During a Thursday afternoon ceremony in Poland, President Donald Trump and first lady Melania Trump met with Polish President Andrzej Duda and wife Agata Kornhauser-Duda. The ceremony was standard world leader fare, a pause for the cameras as Duda and Trump shook hands, the public confirmation of the good relationship between the two countries. Trump then reached out to shake the hand of Polish first lady Agata Kornhauser-Duda who promptly walked past him and instead reached her hand out to greet Melania Trump.

The slight was likely accidental (Poland’s president is sympathetic to the Trump administration) but it clearly registered on Trump’s face who looked blankly at Kornhauser-Duda before returning his gaze to the sea of cameras. By now, this is a familiar enough scene; women either purposefully or accidentally avoiding either a handshake or embrace from the president. It usually comes from women close to Trump—from Tiffany Trump swerving to avoid her father’s embrace or Ivanka Trump removing his hands or even Melania swatting away her husband’s embrace.

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Men have done it too, most famously, recently elected French President Emmanuel Macron played one-upmanship in Trump’s bizarre game of finger crushing handshakes. Justin Trudeau paved that particular path, white knuckles resisting Trump’s famously aggressive pull during a February meeting. And much has been made about the upcoming handshake between Trump and Vladimir Putin, what’s sure to be the most melodramatic game of potent masculinity ever played out on the international stage. But if the man-on-man handshakes go viral, then they don’t have the particularly rich—and perhaps petty delight—that accompanies watching women slight Trump. Maybe it’s because there’s a sense that watching the Trudeaus and Macrons of the world play the Trumpian game of handshake is depressing—a nagging reminder that power is often little more than men playing at being stereotypes of being men and that the stakes of international diplomacy can be boiled down to a kind of refined arm wrestling.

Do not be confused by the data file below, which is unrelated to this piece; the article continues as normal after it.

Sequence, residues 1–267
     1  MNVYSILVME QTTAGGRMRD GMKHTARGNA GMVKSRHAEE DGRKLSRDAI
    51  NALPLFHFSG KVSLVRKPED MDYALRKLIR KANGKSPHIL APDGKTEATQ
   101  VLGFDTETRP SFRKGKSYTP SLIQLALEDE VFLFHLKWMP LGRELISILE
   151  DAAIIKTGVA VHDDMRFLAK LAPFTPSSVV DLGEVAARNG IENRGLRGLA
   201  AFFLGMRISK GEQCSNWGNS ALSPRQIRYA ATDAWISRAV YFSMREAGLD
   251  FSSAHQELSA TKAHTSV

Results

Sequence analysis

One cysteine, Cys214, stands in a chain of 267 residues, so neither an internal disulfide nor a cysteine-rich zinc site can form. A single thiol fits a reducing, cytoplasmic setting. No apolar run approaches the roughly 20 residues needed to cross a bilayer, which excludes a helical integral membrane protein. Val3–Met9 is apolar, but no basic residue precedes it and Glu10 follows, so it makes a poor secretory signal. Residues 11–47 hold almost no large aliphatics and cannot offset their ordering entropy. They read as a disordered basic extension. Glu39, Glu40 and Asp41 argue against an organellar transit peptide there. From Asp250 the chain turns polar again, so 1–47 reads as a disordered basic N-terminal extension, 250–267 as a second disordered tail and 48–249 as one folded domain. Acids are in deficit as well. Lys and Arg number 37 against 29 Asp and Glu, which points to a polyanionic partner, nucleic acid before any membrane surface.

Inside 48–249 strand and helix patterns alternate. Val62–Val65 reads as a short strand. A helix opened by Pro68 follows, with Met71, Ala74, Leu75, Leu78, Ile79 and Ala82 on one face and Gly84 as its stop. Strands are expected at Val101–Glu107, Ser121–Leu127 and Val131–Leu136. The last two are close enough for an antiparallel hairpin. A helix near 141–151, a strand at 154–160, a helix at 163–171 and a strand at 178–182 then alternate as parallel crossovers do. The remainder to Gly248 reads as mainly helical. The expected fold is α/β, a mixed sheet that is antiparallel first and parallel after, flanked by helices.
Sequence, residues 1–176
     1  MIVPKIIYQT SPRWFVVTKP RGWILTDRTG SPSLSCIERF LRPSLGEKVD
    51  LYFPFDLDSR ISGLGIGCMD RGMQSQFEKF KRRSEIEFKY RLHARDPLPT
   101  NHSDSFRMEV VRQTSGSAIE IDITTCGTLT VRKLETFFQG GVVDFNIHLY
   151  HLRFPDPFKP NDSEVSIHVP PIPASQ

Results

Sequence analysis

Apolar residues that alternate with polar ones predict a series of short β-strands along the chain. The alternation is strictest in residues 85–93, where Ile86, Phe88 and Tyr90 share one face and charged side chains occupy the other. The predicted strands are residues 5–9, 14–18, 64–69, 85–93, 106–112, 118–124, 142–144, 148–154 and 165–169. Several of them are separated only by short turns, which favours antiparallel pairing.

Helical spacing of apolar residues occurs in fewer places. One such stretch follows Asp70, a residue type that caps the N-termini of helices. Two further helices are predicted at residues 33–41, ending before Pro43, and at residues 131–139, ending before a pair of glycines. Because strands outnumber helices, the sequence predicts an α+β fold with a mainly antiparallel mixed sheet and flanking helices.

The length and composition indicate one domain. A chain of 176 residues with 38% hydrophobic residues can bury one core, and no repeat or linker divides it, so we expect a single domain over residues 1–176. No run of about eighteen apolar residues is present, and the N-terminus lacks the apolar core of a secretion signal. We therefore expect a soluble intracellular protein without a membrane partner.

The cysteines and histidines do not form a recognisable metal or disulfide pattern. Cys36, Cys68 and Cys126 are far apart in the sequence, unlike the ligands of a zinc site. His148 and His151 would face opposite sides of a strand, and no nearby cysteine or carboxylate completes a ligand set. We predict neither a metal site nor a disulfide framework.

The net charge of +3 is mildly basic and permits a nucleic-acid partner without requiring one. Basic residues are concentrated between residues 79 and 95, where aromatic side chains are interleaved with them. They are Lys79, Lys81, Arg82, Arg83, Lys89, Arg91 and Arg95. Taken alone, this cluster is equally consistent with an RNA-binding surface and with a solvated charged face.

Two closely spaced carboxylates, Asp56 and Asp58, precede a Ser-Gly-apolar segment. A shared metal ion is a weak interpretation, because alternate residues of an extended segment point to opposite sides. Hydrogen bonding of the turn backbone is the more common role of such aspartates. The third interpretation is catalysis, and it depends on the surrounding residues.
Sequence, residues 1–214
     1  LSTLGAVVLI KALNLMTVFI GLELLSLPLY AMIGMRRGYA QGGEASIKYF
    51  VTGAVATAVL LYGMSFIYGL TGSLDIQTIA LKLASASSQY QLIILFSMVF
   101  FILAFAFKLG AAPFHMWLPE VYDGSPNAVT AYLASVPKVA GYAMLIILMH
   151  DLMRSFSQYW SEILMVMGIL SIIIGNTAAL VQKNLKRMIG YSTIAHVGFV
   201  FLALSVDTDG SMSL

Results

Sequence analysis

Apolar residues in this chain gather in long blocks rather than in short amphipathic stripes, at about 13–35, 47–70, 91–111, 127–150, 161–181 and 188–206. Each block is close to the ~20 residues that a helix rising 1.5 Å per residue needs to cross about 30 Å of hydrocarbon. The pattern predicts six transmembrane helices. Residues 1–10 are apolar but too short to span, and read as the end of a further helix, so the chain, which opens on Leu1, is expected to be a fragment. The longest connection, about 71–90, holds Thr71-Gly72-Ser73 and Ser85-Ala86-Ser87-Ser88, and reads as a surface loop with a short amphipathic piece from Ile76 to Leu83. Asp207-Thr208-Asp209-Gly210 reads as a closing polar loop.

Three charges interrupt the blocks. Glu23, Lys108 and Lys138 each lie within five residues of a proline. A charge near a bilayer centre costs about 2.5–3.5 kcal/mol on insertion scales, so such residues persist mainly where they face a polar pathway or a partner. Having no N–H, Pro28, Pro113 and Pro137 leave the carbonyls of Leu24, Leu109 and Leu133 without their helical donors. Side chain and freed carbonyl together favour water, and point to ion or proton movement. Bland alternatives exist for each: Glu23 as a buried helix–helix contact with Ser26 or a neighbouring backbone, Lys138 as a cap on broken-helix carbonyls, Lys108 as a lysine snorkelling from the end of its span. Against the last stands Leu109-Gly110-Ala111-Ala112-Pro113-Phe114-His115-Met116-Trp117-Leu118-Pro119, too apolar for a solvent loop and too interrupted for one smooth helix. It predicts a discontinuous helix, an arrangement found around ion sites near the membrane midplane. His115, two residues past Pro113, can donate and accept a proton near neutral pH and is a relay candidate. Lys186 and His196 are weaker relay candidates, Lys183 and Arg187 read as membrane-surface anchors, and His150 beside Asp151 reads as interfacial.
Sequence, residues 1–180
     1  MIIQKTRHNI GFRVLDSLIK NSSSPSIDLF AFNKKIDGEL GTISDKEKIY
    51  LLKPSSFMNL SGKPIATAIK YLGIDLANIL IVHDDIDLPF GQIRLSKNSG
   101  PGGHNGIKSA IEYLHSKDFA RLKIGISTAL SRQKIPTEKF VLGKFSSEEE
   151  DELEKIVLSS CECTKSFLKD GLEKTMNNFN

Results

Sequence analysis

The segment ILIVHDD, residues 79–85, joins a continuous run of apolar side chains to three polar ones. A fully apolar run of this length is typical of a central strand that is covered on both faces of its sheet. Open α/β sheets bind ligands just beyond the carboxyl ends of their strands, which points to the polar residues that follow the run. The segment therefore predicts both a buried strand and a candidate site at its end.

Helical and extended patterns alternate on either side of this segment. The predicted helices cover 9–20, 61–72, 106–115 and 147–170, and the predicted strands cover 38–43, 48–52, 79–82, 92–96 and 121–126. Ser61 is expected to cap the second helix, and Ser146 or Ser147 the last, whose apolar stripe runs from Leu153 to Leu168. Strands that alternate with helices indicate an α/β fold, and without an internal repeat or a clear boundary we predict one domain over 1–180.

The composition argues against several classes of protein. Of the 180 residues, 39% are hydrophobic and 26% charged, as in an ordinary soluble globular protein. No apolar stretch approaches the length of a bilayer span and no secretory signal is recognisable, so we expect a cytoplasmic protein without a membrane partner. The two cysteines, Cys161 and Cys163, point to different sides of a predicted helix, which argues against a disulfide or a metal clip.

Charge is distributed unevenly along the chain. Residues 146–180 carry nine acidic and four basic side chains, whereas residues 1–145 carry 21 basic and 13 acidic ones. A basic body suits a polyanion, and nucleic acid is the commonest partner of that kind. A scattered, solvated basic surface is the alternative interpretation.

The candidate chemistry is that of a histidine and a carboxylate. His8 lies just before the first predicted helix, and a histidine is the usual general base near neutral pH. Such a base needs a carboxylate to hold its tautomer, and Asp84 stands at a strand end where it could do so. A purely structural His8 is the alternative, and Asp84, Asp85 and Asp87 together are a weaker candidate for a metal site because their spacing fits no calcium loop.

Yet, when women have slighted Trump there is something delicious about watching the embodiment of ego and power reduced to standing uncomfortably, emptily staring at cameras recording the moment. Perhaps it’s because there’s so little at stake. What is Trump to do in this moments? It seems unlikely that he would lob sexist diatribes at the few women loyal to his administration, particularly his wife and daughters. He appears small in this moments and would seem smaller still if he were to tweet about his interaction with Kornhauser-Duda. Think of what a petty tyrant he looked like when he refused to shake Angela Merkel’s hand. Instead, in these moments, he’s simply left to stand, made passive for a quick moment, silenced by the ceremony and captured by the camera.

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It doesn’t alleviate the White House’s often cruel policies nor does it disrupt the rhetoric of nationalism that Trump reiterated today in Poland when called on the West to “defend our civilization” and to exert our international energies on “preserve our civilization in the face of those who would subvert and destroy it.” Racism and sexism remain, but for one fleeting moment, watching a tiny rupture on the surface is a reminder of the smallness of the man who loudly defends these ideologies. It is, for a moment, all we have.